COMM 4100 Gender and Communication (Kerry Strayer, 4 hrs) *
For over three decades, scholars have been systematically determining whether there are clearly differentiated regularities in mens’ and womens’ speech. While it appears that there are often 1) more similarities among men and women than differences, and 2) greater variability of style within the groups than between them, it remains that there is a general difference. This difference has an impact on how we are perceived by others, how we negotiate relationships, and how we succeed in the public and the work place.
This course will consider: 1) the historical forces which helped shape perceptions of gender and appropriate communicative behavior, 2) the impact of socialization on the construction of gender, 3) contemporary institutions and their impact on understanding gender roles, 4) how gender expectations and differences can impact relationships, and 5) the available theoretical lenses which may be used to interpret the consequences of these differences. Additionally, we will look at how different systems of gendered communication have developed around the world and the impact on those cultures.
WGSS 4022 The Foundations of Patriarchy (Allan Cooper, 4 hrs) *
This course explores the works of political philosophers that have addressed patriarchy, or the ideology and practice of male supremacy, as well as the work of philosophers that have advanced theories of beauty and aesthetics that support and normalize patriarchy. The course will correlate these philosophies with historical practices that have caused violence and hardship for women, including but not limited to genital mutilation, foot binding, witch trials, corsets and cosmetic surgeries, rape, and serial killing.
WGSS 4026 Female Trouble: The Pathologies of Femininity, Femininity as Pathology
(Tammy Birk, 4 hrs) *
Mad, sick, and unpredictable women: they seem to be stock trade in narrative, film and media, the arts, and cultural mythology. As a result, it is hard not to conclude that there seems to be something unwell about femininity itself. In this course, we will examine the disordered and diseased women that both symbolize and stand in for the excesses and deficits of femaleness: the hysteric, the anorexic, the agoraphobic, the depressive, the cutter, the invalid, the sexually promiscuous, and the sexually averse. In the course of the semester, we will consider the way that these ―troubled women‖ are represented and contained within a wide range of texts and artifacts: personal memoir, the narrative arts, psychological tracts, performance art, film and media, and popular cultural references. Feminist critical scholarship will inform our study and help shape the questions we ask about the easy and seemingly inevitable relationship between pathology and femininity.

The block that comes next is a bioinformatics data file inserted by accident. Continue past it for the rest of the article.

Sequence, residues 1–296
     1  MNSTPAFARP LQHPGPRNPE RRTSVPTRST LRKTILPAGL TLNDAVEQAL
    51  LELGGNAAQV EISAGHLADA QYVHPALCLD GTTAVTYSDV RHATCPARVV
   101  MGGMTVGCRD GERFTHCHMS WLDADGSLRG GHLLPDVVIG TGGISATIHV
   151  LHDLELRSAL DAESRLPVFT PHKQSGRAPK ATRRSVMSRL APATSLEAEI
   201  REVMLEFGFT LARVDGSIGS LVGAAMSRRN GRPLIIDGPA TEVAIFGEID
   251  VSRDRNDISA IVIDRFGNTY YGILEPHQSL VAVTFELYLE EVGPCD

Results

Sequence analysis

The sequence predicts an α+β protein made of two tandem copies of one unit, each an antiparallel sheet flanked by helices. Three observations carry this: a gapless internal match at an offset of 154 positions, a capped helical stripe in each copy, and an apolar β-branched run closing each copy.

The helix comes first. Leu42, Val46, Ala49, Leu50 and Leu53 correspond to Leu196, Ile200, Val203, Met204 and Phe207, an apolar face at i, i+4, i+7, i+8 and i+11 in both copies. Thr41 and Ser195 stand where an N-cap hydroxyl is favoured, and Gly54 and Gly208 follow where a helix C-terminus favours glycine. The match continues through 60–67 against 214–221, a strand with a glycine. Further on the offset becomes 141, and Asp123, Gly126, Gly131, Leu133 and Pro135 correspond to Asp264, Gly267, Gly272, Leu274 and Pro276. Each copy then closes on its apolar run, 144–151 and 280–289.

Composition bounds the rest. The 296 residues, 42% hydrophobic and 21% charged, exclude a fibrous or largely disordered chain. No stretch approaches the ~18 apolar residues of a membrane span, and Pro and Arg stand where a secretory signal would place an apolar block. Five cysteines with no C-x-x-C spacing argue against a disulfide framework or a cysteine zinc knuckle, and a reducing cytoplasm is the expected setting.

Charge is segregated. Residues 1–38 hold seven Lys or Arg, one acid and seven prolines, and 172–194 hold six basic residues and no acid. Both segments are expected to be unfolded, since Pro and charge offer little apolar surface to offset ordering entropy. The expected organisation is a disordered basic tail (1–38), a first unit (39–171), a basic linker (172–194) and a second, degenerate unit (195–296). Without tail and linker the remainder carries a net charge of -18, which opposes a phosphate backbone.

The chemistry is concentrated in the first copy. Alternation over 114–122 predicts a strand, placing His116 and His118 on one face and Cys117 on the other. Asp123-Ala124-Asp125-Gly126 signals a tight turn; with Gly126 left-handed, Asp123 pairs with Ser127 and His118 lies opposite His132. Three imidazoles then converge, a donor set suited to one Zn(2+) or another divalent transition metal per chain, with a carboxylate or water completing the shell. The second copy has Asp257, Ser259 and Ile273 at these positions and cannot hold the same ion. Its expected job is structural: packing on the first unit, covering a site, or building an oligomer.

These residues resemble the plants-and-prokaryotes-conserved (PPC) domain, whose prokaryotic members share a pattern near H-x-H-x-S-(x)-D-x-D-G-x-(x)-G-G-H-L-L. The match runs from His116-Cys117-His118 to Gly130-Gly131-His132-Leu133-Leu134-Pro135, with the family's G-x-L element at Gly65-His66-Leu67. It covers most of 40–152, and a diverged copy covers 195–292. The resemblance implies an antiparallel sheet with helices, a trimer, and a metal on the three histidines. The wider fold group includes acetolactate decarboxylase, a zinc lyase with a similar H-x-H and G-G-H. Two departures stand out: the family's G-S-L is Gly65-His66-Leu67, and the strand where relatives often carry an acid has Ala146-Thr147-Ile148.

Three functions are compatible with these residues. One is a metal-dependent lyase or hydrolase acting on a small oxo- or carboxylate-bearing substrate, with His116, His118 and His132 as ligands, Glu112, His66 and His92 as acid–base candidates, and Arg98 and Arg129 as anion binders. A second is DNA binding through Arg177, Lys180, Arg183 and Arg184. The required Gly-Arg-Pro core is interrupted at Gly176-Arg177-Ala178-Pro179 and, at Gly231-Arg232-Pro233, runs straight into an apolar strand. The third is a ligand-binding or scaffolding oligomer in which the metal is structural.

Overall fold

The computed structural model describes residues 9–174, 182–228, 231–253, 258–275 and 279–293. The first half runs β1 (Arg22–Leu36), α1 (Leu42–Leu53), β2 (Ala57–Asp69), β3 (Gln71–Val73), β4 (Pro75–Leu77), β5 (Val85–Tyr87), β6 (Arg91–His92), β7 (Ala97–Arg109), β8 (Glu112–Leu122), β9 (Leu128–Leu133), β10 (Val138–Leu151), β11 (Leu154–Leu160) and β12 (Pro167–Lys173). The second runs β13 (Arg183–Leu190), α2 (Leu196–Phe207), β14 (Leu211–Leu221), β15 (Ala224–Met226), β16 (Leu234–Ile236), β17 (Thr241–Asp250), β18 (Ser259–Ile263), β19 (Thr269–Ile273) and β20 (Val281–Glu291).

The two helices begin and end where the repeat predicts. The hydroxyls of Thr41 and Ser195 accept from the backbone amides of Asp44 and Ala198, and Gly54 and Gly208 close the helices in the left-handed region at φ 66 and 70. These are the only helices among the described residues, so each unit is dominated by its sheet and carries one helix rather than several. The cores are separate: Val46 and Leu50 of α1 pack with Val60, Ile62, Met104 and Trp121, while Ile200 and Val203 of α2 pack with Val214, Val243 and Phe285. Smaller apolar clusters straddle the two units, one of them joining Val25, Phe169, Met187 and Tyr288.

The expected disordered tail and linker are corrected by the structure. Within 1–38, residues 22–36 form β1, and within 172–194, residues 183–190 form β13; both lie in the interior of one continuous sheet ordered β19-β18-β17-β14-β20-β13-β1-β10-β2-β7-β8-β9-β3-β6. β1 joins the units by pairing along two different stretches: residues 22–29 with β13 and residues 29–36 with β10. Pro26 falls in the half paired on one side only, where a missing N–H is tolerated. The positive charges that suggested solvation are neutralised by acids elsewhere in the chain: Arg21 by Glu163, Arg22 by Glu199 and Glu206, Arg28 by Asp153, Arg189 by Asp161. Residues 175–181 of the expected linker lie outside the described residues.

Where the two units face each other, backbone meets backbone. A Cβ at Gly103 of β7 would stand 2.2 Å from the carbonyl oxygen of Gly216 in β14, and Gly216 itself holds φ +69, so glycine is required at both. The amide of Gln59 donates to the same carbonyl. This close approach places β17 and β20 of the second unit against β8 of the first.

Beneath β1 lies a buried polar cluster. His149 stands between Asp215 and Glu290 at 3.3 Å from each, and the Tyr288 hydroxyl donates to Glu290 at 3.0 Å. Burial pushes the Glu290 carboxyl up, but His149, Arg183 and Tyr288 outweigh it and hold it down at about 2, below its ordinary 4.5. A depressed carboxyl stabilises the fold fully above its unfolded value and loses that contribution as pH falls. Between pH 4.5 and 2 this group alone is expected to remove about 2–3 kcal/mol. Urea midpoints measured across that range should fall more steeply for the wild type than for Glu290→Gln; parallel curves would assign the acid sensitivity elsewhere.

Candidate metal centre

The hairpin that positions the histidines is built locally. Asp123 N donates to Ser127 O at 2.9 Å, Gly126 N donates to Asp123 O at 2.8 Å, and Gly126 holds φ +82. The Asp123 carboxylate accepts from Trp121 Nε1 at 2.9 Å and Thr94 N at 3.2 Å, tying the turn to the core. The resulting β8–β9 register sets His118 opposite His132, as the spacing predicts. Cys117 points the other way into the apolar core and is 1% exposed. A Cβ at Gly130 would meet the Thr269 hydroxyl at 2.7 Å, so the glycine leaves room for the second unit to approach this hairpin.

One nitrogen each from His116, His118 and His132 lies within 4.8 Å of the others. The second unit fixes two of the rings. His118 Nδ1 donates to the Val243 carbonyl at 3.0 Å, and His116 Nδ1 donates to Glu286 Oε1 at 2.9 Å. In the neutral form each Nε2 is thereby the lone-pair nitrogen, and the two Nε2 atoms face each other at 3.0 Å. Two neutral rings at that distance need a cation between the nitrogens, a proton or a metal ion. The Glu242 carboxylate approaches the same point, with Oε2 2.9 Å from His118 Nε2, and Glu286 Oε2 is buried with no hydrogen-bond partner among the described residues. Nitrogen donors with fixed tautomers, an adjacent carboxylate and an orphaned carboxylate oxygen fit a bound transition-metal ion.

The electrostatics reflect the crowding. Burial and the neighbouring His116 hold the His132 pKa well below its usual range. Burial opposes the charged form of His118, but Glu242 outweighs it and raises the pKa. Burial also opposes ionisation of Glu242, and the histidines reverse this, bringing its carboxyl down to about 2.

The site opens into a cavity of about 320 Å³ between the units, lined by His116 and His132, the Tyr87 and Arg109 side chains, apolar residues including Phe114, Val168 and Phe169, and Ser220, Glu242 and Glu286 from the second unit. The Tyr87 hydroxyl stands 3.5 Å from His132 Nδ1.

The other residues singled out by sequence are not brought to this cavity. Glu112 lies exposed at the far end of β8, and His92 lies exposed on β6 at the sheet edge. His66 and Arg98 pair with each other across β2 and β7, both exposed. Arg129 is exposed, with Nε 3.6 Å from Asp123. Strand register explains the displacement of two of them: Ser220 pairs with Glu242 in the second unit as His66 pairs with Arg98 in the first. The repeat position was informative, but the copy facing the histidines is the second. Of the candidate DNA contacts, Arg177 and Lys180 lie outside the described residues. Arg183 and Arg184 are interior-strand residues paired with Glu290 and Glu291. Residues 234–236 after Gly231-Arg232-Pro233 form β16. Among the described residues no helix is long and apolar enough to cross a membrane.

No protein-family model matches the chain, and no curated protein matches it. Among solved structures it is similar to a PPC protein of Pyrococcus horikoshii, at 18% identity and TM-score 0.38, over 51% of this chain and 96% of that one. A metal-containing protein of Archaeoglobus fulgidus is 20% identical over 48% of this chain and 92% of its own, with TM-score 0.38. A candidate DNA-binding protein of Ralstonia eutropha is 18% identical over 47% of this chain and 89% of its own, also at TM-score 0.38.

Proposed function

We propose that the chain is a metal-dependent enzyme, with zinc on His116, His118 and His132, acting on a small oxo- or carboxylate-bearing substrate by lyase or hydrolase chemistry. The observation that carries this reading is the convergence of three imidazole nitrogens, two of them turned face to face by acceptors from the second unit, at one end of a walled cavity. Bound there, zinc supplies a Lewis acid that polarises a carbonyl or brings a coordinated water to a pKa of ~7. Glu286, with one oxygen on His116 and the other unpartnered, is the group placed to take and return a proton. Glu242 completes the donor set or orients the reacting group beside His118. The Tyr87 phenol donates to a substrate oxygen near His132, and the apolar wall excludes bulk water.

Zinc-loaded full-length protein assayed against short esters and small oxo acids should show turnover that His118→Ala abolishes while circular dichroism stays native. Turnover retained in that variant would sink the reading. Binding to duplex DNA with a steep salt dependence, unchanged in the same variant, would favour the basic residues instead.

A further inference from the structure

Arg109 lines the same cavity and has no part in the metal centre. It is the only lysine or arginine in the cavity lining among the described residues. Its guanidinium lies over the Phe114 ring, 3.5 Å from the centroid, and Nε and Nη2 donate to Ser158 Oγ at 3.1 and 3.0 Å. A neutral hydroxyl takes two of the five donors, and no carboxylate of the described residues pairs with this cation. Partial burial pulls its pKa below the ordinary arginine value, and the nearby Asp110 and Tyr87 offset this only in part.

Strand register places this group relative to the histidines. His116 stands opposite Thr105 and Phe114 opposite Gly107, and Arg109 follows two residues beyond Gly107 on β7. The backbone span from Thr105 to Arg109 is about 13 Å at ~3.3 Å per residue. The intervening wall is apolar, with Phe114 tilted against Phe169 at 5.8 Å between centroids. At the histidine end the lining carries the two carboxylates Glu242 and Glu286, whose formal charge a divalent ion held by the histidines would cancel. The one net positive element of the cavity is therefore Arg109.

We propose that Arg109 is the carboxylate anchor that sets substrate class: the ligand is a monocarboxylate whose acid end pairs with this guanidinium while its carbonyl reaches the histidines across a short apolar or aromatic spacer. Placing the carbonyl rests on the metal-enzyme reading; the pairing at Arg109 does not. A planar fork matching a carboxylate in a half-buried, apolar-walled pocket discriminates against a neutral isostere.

INST 3501 Inscribing the Body: Sexual Identity in Contemporary German Women’s Fiction
(Amy Strawser, 4 hrs) *
This course will explore the works of German women authors in English translation who have made significant contributions to the fields of women's studies, literature, intellectual history, and/or popular culture. Works by contemporary authors as well as writers from earlier historical periods may be included. The course will investigate the thematic concepts and aesthetic merits of the texts and their implications for both literary and feminist scholarship and history and will include selections from several literary genres, including prose fiction, drama, poetry, autobiography, journals/letters, and essays/creative nonfiction.
FMST 3281 Studies in Film and Culture: Media Q: Screening Sexuality (Suzanne Ashworth, 4 hrs) *
Glee. Hedwig. The L-Word. Brokeback. Queer as Folk. Capote. Modern Family. Diving into mainstream television and film, this class will immerse itself in queer media, exploring the worlds and selves they create. Together we will engage questions of representation, spectatorship, and meaning-making, grappling with the psychosocial power of small and large screen depictions of sexual identity. What defines queer media? What narratives of sexuality and selfhood do queer media create? How do queer media depict glbtq bodies, psychologies, relationships, histories, and subcultures? What acts of defiance, resistance, activism, or transgression do they encode? What paradoxes of visibility or dilemmas of identity do queer media expose? How do queer movies and television shows (re)write the principles of "intimate citizenship" and "sexual democracy"? As we watch, think, read, write, and dialogue, students will encounter the work of groundbreaking directors and cutting-edge theorists, including Lisa Cholodenko, Gus Van Sant, Todd Haynes, Cheryl Dunye, Lee Edelman, Eric Savoy, Vito Russo, and others.
INST 4011 Sex as Art: Sex and Sexuality in Visual Art (Jim Bowling, 4 hrs) *
Can art be sexy? Is sex art? What is the dividing line between pornography and artistic expression? Representations of sex and sexuality in visual art can challenge our perceptions of both art and sex. This course will address and examine representations of sex and sexuality in 20th and 21st century visual art. Students will examine and discuss art’s influence on and reflection of cultural attitudes toward sex and sexuality, challenge personal and cultural attitudes regarding representations of sexuality in art, and develop an appreciation for the artists’ intent in works addressing sexuality. Topics will include: gender representations in art; politics, art and sexuality; homo vs. hetero eroticism in art; feminist and queer sexuality in art; cultural morality and private practice.